When cops and robbers are one and the same

I have taken the stance, on many occasions, that those in charge of enforcing the law, should not be above the law. When law enforcement reduces itself to the level of the thugs it’s supposed to be ridding us of, we all lose. And such is the case here.

The BBC reports on the takedown of a credit card fraud suspect where the suspect was actually mugged by the police, with the target of the mugging being a mobile phone that they feared would be inaccessible if they arrested him normally.

This is despicable. The ends do not justify the means. I believe law enforcement is supposed to set an example, and truly be “the finest” of the jurisdiction they serve. What they did in this case clearly isn’t. Imagine the civil suits that would result if they get the wrong target.

In fact, this tactic was so despicable I’m not even sure it would be appropriate to solve a murder case. I would be more apt to blame laziness on the part of the cops assigned to this case, as I’m sure they had other ways to get evidence than to violently steal it, and basically break the very laws they were assigned to enforce (at least the spirit of them, if not in letter). Even if they didn’t, I would think it better to abandon the case and not risk the terrible PR.

I don’t condone crime, but the only thing worse than crime by those dressed in black and wearing masks, is crime by those dressed in blue and carrying badges.

An “out of this world” response to censorship

First, a quick sidenote: I’m glad to see this year finally come to a close, for various reasons. However, I’d still like to end it on a high note at least as this blog is concerned.

And so with that I bring forth this BBC News article, regarding an ambitious anti-censorship plan that’s truly out of this world: the use of satellite communications to circumvent the primarily land- and sea-based Internet we’ve come to know.

It is unfortunate on one hand that this is necessary. But it goes to illustrate the nearly boundless ingenuity of the hacker culture. We’ve seen anonymous remailers (the original cypherpunk Type I, then the Mixmaster or Type II), Freenet, Tor, GNUNet, and myriad other end-runs around overzealous censors, whether they be government-based or corporate-based. This is a logical next step, though satellites are not without their limits: a geostationary satellite introduces a huge latency, while lower orbits result in communication links only available in short bursts. With enough funding, though, I think this strategy has potential to be a winner.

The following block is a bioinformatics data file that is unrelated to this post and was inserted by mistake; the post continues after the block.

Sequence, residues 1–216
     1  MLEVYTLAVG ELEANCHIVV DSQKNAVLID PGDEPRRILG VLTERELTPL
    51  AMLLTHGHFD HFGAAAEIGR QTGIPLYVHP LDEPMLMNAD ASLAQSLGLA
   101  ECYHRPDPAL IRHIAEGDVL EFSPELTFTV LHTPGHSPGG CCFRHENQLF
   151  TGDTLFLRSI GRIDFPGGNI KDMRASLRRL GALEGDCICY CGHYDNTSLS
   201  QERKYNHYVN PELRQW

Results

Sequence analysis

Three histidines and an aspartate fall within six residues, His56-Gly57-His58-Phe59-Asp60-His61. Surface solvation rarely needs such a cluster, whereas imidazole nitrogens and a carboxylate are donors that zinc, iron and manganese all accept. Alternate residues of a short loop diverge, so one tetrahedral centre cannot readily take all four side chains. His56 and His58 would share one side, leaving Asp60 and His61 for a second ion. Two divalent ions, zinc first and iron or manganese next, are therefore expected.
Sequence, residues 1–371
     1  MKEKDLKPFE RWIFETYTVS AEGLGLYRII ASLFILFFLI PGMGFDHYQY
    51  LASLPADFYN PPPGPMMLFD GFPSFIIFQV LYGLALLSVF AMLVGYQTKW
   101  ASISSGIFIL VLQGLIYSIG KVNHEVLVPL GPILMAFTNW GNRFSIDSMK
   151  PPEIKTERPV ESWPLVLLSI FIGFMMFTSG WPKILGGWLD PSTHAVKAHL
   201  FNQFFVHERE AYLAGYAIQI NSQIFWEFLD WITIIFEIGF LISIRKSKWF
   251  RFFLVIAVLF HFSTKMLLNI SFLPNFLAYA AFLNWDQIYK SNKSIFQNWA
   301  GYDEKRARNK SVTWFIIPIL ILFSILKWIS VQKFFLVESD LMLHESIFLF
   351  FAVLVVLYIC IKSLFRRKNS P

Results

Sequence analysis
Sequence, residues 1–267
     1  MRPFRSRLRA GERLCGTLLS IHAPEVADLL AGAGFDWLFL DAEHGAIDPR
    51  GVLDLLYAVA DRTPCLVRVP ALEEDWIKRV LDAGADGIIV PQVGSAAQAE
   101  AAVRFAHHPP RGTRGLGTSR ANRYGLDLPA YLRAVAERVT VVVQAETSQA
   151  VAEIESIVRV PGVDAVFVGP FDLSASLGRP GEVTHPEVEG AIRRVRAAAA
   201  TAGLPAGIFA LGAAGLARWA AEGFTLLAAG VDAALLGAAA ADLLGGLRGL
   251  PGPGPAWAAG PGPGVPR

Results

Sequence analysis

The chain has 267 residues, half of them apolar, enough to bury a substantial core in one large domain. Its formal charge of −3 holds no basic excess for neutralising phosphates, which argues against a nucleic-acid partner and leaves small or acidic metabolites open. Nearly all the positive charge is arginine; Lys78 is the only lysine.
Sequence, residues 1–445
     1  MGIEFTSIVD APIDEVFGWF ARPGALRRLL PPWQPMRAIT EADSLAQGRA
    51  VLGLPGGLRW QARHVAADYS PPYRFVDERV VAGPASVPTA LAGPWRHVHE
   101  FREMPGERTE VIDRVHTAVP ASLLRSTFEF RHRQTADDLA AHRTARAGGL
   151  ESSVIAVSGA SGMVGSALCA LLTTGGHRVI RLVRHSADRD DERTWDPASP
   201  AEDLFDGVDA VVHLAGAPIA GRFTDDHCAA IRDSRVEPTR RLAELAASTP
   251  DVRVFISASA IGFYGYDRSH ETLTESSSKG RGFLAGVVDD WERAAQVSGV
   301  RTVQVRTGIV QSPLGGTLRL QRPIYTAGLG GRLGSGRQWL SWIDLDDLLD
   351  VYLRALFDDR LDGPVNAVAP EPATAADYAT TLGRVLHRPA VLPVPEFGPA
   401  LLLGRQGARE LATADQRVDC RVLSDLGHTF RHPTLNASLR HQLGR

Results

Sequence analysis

And with that, my posts for 2011 are done. See you on the flip side.

Artist’s fake bombs made from carrots cause uproar

You really can’t make this stuff up.

The BBC reported on an art project in Sweden that turned into a bomb scare. Or maybe, that was the idea from the beginning. You be the judge. (There is also a Radio Sweden article about the event for those that desire a perspective closer to the events.)

[Artist Conny Blom] taped bunches of carrots together with black tape and attached blue and red wires and a clock to them.

Police received worried calls from members of the public who thought they were real bombs. Mr Blom was forced to remove his art – and may face charges.

The article goes on to say that Mr. Blom describes the event as a “harmless stunt.” The police agencies involved may describe the event a bit differently; Blom may face charges.

The article I found lacked a picture of the actual carrot bombs themselves, opting instead for just a generic picture of a bunch of carrots. UPDATE: Nina from Sweden commented with a link to pictures on the artist’s site.

As much as I despise the use of intent to distinguish between criminal and non-criminal conduct, that may be the only thing that makes sense here.

If Blom was making genuine hoax bombs (which are illegal here in Texas, USA) and disguising the carrots to appear more like real dynamite sticks, then I can see pursuing criminal charges. But, if it’s obvious enough they are just a bunch of carrots made into “a caricature of a bomb” I don’t see why there is so much fuss. Given that Blom was working at the request of a local art gallery, I doubt there was much intent to have the bombs look convincing to all but the dumbest and most gullible passers-by. Of course, the quote from P.T. Barnum may be proven right yet again: “You’ll never go broke overestimating the stupidity of the general public.”

This event does speak volumes for how hyper-sensitive we have become to terrorism, across the entire planet. Prior to 2001, this may well have gone over as “oh, look, someone made a fake bomb out of a bunch of carrots, some wires, and a cheap alarm clock, how cute.”

One last semi-topical aside: I am reminded of a TV news report I saw once on a local station when I was a kid. A bum snuck onto a bus, whereupon the passengers in the back shouted “there’s a bum on the bus.” By the time the driver heard it, it had changed into “there’s a bomb on the bus.” When the report aired, this was kind of funny. I have a feeling it would not be nearly as funny today.